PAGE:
Learning Python 3 with the Linkbot/Linkbot Multitasking
"Non-blocking" Linkbot FunctionsEdit
Lets take an inventory of all of the functions that we've used so far to control various aspects of the Linkbot.
|Function Name||Function Description|
||Changes the LED color based on red, green, and blue intensities.|
||Makes the Linkbot buzzer play a frequency in Hertz.|
||Makes a single motor move.|
||Makes multiple motors move simultaneously|
Using these functions, we can move our robot around, change the robot's LED color, and make the robot beep or play simple melodies. However, using only these functions, it is not possible to make a robot play a tune and change its LED colors while the robot is moving. For example, lets say we want to make our robot beep 2 times _while_ our robot is moving. We can try something like this:
The examples in this section are presented without the necessary initializing code shown in previous chapters. To run these examples, you will need to include the following lines of code at the top of your program:
import barobo dongle = barobo.Dongle() dongle.connect() myLinkbot = dongle.getLinkbot('ABCD') # Replace 'ABCD' with your Linkbot's ID
myLinkbot.setBuzzerFrequency(440) # 1 time.sleep(0.25) # 2 myLinkbot.setBuzzerFrequency(0) # 3 time.sleep(0.25) # 4 myLinkbot.setBuzzerFrequency(440) time.sleep(0.25) myLinkbot.setBuzzerFrequency(0) time.sleep(0.25) myLinkbot.move(180, 0, -180) # 5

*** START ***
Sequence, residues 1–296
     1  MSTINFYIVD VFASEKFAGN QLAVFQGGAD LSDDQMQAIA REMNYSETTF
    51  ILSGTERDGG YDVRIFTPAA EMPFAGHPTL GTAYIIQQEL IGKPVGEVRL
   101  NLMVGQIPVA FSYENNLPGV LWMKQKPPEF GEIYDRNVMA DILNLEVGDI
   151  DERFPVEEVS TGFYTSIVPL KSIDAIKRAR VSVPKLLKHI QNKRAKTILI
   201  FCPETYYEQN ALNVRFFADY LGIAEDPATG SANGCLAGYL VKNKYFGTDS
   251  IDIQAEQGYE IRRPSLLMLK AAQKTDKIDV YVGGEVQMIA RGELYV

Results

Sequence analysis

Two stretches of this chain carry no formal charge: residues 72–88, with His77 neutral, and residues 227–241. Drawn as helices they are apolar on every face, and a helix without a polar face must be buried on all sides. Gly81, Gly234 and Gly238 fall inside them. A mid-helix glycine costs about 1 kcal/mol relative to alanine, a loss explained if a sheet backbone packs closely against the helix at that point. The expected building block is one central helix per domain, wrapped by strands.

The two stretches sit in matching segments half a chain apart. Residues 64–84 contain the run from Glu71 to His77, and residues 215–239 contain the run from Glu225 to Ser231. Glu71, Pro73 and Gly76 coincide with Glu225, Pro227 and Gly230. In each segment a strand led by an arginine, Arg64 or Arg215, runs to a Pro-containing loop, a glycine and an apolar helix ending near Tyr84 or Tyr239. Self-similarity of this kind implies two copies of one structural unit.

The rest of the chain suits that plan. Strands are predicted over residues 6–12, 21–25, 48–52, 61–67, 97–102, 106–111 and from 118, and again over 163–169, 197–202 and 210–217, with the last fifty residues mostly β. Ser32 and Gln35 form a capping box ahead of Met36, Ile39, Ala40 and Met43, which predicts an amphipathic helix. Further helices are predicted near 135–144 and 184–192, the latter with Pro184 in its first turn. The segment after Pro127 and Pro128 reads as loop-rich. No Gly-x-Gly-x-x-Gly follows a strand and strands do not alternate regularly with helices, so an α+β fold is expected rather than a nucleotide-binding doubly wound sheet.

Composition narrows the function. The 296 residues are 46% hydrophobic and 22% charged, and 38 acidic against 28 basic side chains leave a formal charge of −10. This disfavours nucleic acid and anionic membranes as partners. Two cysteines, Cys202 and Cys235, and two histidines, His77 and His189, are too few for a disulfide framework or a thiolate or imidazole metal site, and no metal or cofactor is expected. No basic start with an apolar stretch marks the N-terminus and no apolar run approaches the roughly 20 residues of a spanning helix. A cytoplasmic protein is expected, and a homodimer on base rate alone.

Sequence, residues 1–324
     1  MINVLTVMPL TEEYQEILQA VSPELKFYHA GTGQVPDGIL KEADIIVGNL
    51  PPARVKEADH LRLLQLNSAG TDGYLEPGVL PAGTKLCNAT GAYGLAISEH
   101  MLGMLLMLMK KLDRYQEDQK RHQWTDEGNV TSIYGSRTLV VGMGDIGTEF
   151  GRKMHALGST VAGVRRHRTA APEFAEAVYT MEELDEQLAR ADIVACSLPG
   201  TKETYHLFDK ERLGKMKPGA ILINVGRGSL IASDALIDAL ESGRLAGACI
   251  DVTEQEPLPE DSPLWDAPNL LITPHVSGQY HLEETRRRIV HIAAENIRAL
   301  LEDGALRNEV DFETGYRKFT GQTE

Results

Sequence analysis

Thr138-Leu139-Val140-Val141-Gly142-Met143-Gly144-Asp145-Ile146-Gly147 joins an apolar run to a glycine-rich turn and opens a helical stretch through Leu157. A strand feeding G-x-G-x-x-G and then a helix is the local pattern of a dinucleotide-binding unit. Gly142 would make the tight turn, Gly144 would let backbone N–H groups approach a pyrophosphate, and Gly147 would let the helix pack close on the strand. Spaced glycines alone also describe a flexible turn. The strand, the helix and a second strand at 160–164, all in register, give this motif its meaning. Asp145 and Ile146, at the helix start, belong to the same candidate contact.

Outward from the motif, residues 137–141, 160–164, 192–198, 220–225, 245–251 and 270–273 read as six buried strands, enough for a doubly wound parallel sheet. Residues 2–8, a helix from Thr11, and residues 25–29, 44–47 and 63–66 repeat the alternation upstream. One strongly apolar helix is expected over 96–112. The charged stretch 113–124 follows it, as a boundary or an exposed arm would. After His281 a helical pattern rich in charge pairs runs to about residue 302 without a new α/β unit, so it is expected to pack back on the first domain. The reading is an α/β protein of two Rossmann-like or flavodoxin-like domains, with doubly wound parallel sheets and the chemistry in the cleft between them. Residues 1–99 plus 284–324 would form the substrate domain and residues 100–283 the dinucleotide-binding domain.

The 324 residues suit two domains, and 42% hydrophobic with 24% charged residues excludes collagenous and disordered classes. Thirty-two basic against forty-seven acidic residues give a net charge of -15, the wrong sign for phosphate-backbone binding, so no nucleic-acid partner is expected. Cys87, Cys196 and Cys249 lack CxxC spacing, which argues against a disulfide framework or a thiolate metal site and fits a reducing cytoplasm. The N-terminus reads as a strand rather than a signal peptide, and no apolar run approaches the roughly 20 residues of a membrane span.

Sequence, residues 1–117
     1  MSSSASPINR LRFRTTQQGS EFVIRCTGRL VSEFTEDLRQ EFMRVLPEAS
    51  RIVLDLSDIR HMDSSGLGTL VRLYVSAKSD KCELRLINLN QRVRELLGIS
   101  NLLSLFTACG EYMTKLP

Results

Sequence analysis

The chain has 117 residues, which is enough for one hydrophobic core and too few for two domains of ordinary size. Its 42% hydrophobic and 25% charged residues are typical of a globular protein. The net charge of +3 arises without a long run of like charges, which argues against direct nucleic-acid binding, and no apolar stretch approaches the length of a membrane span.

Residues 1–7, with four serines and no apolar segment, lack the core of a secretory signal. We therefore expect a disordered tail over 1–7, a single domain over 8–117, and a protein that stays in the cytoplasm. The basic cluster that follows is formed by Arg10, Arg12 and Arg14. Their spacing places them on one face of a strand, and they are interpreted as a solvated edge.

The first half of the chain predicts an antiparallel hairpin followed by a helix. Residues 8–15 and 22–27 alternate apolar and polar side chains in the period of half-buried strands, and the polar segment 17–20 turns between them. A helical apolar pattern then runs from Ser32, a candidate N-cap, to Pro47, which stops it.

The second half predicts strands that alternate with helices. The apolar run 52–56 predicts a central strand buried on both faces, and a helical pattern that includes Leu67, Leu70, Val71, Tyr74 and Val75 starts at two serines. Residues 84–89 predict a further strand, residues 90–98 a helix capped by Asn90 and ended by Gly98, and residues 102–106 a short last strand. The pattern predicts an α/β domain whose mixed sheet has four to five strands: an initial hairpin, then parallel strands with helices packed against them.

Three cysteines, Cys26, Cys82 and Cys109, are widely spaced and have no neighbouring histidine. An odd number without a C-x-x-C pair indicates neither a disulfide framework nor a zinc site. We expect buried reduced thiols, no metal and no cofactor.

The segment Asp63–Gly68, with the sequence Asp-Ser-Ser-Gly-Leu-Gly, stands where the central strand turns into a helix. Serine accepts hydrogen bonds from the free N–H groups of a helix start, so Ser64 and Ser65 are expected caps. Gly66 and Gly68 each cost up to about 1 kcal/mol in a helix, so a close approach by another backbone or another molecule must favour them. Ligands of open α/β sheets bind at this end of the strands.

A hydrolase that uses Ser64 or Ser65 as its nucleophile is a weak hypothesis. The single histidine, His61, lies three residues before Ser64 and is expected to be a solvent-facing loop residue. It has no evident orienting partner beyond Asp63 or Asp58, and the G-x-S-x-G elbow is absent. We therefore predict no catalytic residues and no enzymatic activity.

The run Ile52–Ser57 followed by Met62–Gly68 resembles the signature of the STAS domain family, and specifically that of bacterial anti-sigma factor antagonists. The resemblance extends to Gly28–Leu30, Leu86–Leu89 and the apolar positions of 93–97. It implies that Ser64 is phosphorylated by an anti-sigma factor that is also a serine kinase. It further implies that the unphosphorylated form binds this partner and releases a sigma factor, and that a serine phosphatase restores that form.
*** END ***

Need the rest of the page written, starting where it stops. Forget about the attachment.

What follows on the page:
Lets reason our way through each major point of this program.
- First, we turn on the buzzer on the Linkbot. It starts buzzing
- Pause the program for 0.25 seconds
- Turn off the Linkbot's buzzer.
- Pause the program for another 0.25 seconds. The end result of steps 1-4 is that the Linkbot buzzes its buzzer for 0.25 seconds. The next four lines do the same exact thing.
- At this point, the Linkbot has buzzed twice, and now the
move()function makes the Linkbot roll forward.
This is almost what we want to do, except we want the robot to beep twice while the robot is moving; not before it starts moving. Lets try again:
myLinkbot.move(180, 0, -180) # 1 myLinkbot.setBuzzerFrequency(440) # 2 time.sleep(0.25) myLinkbot.setBuzzerFrequency(0) time.sleep(0.25) myLinkbot.setBuzzerFrequency(440) time.sleep(0.25) myLinkbot.setBuzzerFrequency(0) time.sleep(0.25)
This program is almost exactly the same as the program before except we relocated the
move() function to the beginning of the program. Will this program make the robot beep twice as the robot is moving?
- First, we call the
move()function which moves the robot's motors. The robot begins moving. However, the program stays at item 1 until the
move()function is completed. After the robot finishes moving, the program continues.
- Here, the robot turns the buzzer on similar to the previous example. Using
time.sleep(), it makes the buzzer beep twice.
As we can see, we have failed yet again to make the robot beep twice while moving. In order to make the robot do these things simultaneously, we must use a similar but new type of function: Non-blocking functions. Lets take a look at an example: